All the World Loves a Lover
Valentine’s Day is the one holiday that is devoted to Love, plain and simple – to Cupid, and to romantic love expressed between human beings. Most of us have experienced this kind of love at least once in our lives, and hopefully much more than that. The most fortunate have actually found a partner who supports them throughout their life in the earthly realm. To be complete, such love is always reciprocal, and mutually beneficial.
Conditional vs. unconditional love
Love is truly that which “makes the world go round.” The world would be a pretty miserable place without it. And yet even such admirable cases of mutual love are not always as pure as they might be – they involve “conditions.” Examples include cases of jealousy, or a possessive “love” that more resembles a form of barter, in which one chooses to love only if certain conditions are met. In fact, the real world of couples’ relationships all too often involves adapting self-serving conditions between the two. Such relationships fail to offer the reward of significant mutual benefit.
A “purer” form of love, less involved with conditions and such apparent barter, might be seen between parents and children. It’s easy to love newborn babies in all their fresh innocence, but babies grow up into teenagers, and so on. Ideally, parents love their children “no matter what,” and offer compassion, kindness, and all manner of support even in the face of lesser human failings.
No soul is an island
I submit that the rarer, more extraordinary examples of mutually beneficial unconditional love are far more satisfying and fulfilling than the conditional love so often found in relationships. We cultivate far richer relationships as we become less egocentric and take a bigger view of who we are and why we are here. In addition, we come to see that no soul is an island – we grow tremendously and more fully satisfy our purpose as humans when we develop a loving relationship with another person that demands no conditions at all.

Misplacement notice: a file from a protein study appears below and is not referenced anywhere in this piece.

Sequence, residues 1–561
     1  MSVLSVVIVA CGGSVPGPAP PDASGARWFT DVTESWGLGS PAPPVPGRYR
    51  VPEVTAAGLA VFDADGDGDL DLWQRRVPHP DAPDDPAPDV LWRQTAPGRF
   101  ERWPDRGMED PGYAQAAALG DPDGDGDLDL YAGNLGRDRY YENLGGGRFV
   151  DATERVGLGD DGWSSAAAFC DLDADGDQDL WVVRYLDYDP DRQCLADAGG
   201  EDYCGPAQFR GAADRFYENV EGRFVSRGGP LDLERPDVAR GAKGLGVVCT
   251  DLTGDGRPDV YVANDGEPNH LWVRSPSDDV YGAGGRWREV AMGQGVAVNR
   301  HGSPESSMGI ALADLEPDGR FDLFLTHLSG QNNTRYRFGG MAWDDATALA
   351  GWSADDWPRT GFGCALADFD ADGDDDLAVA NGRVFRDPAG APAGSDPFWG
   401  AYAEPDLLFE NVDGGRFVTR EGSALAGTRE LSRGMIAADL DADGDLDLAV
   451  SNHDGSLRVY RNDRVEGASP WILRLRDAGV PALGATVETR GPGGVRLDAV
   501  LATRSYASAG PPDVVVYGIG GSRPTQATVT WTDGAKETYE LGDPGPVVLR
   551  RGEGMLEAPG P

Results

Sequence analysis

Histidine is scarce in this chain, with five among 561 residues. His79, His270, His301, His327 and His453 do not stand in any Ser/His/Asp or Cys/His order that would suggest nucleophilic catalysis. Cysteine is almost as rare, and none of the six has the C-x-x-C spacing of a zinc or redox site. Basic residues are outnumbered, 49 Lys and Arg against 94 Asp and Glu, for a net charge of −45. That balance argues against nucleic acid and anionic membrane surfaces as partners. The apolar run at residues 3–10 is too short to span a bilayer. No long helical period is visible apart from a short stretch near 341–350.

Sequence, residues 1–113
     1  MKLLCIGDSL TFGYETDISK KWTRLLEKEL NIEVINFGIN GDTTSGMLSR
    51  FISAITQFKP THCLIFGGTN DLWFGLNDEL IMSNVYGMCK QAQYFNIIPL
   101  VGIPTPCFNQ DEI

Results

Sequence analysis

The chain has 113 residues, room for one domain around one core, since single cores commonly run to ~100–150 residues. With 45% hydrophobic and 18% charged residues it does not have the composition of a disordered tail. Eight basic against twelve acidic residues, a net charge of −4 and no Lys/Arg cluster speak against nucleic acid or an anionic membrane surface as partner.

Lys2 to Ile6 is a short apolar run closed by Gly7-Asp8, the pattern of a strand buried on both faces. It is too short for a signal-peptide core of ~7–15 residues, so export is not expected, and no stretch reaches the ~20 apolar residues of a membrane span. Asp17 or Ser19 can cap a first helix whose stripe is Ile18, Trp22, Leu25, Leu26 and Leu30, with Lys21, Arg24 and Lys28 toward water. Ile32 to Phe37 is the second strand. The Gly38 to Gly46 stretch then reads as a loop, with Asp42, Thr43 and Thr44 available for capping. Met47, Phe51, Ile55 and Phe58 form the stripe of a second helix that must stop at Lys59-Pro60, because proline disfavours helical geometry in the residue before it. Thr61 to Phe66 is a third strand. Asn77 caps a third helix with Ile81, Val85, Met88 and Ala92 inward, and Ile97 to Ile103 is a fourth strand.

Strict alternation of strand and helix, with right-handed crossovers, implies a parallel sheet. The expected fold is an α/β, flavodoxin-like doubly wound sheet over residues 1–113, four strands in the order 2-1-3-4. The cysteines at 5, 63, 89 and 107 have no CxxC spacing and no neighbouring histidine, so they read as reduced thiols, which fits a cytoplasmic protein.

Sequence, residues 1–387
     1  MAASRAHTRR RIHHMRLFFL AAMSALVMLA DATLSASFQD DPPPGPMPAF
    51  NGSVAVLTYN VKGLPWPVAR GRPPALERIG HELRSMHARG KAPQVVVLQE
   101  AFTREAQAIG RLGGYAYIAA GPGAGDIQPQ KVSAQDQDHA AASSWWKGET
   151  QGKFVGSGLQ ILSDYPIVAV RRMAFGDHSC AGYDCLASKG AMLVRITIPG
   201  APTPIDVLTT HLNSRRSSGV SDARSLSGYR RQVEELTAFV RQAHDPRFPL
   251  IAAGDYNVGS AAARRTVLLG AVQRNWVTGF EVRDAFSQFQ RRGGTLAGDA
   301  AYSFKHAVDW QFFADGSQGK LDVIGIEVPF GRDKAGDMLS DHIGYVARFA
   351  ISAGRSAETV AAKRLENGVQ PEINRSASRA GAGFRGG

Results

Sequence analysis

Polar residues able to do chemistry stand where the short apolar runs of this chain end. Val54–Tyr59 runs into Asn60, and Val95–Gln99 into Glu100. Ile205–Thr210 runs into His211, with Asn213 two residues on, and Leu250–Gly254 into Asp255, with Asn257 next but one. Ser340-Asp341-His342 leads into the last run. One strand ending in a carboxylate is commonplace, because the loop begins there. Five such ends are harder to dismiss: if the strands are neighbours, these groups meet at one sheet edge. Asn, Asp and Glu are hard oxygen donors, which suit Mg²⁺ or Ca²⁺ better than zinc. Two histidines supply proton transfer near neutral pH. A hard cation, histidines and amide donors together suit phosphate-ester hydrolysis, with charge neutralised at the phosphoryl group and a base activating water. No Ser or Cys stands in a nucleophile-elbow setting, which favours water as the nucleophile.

Allow love to spread
This Valentine’s Day, I suggest taking a bigger view of how our relationships in life help to serve a rich purpose in our soul growth, in getting right at the heart of why we even exist. Ideally, that bigger view includes no “conditions,” and thus also broadens the relationships that contribute to our learning and growth. Let that broader unconditional love first and foremost include yourself, because so many of the world’s problems result from the fact that we don’t even love ourselves enough – not in a selfish, childish fashion, but in a sense that acknowledges the divinely sourced beings we all are; not dependent upon the approval or affection of others, but centered in the unique value of your soul and its connections. Then allow that unconditional love to spread, to include truly loving all souls. Such unconditional love has infinite power to heal, whether the individual, or the whole world. And any relationship is an ideal place to start in assessing the power such love without conditions can truly have.
So, Happy Valentines Day! Use this special time to start delving into the benefits of unconditional love. “All the world loves a lover” has never been truer than in the case of one who loves without demanding some favor in return.
Have you always felt that there are deeper experiences out there – but never found a way to engage with them? Close the gap and discover your place in the universe. Eben Alexander and Karen Newell host Living In a Mindful Universe at the Art of Living Retreat Center from May 3rd-5th, 2019.
Eben Alexander, MD, spent over 25 years working within academic neuroscience at Harvard Medical School and elsewhere. He thought he knew how the brain, mind, and consciousness worked–but after a near-death experience during a week-long coma, he discovered that there was more to life than he’d thought. He went on to reconcile spiritual experience with contemporary physicals and cosmology, and now shares this theory and practice around the world and in the media, including on shows such as Oprah and Dr. Oz, and in his own best-selling books.
This article first appeared on EbenAlexander.com, and is reposted with permission from the author.